Like many folks I’m dreading the seeming inevitability of a Clinton-Bush presidential campaign next year involving Hillary Clinton against Jeb Bush. I’m 40 years old and half of my life has involved a Clinton or a Bush in the Oval Office (and it’s even worse if you count Vice Presidency). Both seem completely out of touch with the real issues of today. Instead, both are so surrounded by political cronies and yes-men that it’s difficult to see either candidate as being willing to actually take on the real challenges facing the world today. Clinton is currently dealing with the fallout from her decision to expose her emails to spies while shielding them from the American public. And Jeb Bush is now spouting pure nonsense on net neutrality.
Bush’s comments aren’t surprising, because despite Democrats and Republicans alike both strongly supporting net neutrality and those who truly understand the details favoring these rules, in Washington DC, net neutrality is a partisan issue. The reason almost certainly has to do with campaign finance. Splitting an issue down partisan lines makes it an issue that politicians can raise money around. Things that everyone agrees on aren’t useful for fundraising, and since politicians these days need spend half their time fundraising, politics gets distorted pretty quickly.
But Bush’s comments are particularly clueless, trotting out both debunked talking points and clear misstatements that appear to have been fed to him by the broadband players.
“The idea of regulating access to the Internet with a 1934 law is one of the craziest ideas I’ve ever heard,” he said. It was the first time Bush had weighed in on the subject since the FCC voted.
“Just think of the logic of using a 1934 law that was designed when we did have a monopoly for wireline service as the basis to regulate the most dynamic part of life in America,” Bush said. “It’s not going to be good for consumers. It’s certainly not going to be good for innovation.”
Except, you know, that’s not true. The 1934 Telecommunications Act was rewritten in 1996 by Republicans, who set it up this way with a clear plan for broadband to be covered by Title II. As Tim Lee at Vox recently explained:
The awkward thing about this is that the rules were drafted by a Republican Congress in the 1996 Telecommunications Act. In that legislation, Congress created two legal categories for online services: a low-regulation category for online services (known unimaginatively as Title I) and a high-regulation category for companies that provide basic infrastructure (called Title II).
When telephone companies began offering broadband access using a then-new technology called Digital Subscriber Lines, it was widely accepted that Title II — the stricter regime designed for basic infrastructure — would apply. After all, telephone companies had been governed under Title II for decades before that. Title II rules had ensured that telephone companies didn’t strangle the burgeoning market for dial-up ISPs, which provided internet access over telephone lines.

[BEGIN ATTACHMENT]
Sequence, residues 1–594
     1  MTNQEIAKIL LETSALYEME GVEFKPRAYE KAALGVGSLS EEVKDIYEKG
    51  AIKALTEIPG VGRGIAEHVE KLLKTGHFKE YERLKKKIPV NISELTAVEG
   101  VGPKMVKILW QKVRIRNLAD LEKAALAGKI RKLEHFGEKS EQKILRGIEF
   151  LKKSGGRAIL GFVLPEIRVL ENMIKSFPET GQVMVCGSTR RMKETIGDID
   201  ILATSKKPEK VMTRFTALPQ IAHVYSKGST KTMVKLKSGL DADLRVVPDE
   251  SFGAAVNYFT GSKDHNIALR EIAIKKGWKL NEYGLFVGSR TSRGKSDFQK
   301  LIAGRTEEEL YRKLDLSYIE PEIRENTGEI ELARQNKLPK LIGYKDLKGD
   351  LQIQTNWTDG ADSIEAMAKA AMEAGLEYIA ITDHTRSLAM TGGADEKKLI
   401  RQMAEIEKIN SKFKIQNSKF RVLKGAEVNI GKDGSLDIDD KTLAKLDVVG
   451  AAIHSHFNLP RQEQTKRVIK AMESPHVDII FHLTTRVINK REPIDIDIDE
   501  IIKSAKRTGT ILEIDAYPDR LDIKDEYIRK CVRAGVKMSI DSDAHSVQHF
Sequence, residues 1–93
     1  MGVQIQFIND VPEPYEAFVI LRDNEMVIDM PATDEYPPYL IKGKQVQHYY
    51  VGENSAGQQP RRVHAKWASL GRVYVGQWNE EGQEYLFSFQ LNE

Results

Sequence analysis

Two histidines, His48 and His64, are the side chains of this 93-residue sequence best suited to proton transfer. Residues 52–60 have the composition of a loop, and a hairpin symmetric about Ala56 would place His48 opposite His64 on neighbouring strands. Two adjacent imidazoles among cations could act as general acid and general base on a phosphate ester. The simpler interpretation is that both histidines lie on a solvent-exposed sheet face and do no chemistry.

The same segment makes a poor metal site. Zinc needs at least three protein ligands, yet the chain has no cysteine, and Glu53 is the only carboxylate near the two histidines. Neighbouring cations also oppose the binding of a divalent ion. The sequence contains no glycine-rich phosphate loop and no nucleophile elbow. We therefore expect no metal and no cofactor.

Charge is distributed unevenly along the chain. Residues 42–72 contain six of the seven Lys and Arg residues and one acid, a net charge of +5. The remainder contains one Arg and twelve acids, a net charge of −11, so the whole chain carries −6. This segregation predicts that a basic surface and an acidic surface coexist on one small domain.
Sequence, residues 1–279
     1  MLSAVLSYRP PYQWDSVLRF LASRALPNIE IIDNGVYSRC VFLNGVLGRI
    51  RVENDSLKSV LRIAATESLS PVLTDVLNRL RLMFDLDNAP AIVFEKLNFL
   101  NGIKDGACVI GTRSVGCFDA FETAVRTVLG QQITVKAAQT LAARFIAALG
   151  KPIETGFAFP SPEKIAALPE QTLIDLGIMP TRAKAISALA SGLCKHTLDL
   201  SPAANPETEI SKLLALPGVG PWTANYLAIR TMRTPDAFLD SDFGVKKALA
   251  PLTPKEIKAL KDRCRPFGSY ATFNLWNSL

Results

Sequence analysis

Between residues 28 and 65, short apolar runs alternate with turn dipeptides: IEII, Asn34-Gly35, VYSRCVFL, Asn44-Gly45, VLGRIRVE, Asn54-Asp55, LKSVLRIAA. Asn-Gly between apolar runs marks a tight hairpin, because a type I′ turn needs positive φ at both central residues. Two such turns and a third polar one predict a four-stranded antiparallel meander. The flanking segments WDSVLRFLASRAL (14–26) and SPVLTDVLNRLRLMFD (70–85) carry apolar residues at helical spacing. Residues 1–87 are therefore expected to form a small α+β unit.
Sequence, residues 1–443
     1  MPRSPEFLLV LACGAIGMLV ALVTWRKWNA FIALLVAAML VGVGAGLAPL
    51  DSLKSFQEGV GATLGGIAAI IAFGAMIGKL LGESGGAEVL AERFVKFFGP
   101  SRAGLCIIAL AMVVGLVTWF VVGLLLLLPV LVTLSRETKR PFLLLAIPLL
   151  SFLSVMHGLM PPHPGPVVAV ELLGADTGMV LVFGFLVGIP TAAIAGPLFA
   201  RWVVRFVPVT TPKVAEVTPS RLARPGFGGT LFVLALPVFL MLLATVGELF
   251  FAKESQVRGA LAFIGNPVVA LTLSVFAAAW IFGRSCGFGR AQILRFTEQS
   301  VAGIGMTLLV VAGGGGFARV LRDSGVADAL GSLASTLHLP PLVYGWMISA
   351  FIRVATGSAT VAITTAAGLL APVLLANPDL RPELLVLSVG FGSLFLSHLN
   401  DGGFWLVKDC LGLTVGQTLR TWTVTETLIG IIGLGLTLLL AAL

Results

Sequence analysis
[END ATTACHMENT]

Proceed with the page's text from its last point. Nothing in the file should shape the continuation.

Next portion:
But Bush trots out the 1934 argument in a totally misleading way. And yes, in 1934 there was a monopoly for wireline service, but in 1996 when the Act was rewritten (again, by Republicans), there was actually a lot of competition in the ISP business thanks to line sharing. Yet, today, everyone knows that there’s basically no competition. While not a monopoly it’s at the very least an oligopoly with very little choice for most consumers.
Furthermore, the rules are pretty clearly just basic rules to prevent anti-consumer behavior by the ISPs. How that’s going to be “bad for consumers” is hard to fathom. And considering that many of the most innovative internet companies have come out strongly in favor of net neutrality, it’s hard to see how it’s going to be bad for innovation. You can’t even argue that it’s going to be bad for broadband companies either, since many independent broadband providers, like Sonic.net, have come out in favor of the rules. As we’ve noted in the past, it’s only bad for broadband providers that want to treat customers badly.
So, does Jeb Bush really think he understands internet innovation better than all these internet companies who have pointed out how the new rule is helpful to innovation?
Is Jeb Bush giving a giant middle finger to internet innovation? That hardly seems like a good campaign move.
But, apparently, Bush not only is doing that, he’s also going to totally misrepresent others to do so:
Bush said that Netflix and other backers of net neutrality are already regretting the scale the FCC’s action. “There is no support for this now,” Bush said. “The people who were concerned about this, the content providers like Netflix and others, have now disowned this.”
That’s just hogwash. There’s massive support for this, which Bush would have noticed if he actually paid attention to the internet, which celebrated when the rules were approved. Anti-net neutrality folks have seized upon an out of context statement from a Netflix exec claiming that it would have been preferable to find another route — but that’s not disowning the rules. We’ve been among those who have pointed out for months that reclassifying under Title II was simply the best of a bunch of not great solutions. Yes, it would have been better to have something even cleaner than reclassification, but that option was not on the table.
Restrained rules, based on Title II, are a perfectly reasonable solution to stopping broadband providers from implementing anti-consumer practices. The only “innovation” it may harm is the broadband guys innovating new ways to screw over consumers and successful internet companies. If Jeb Bush is looking for support from the most innovative sector on the planet, spewing lies and misrepresentations about key issues for the internet world seems like a piss poor way to go about it.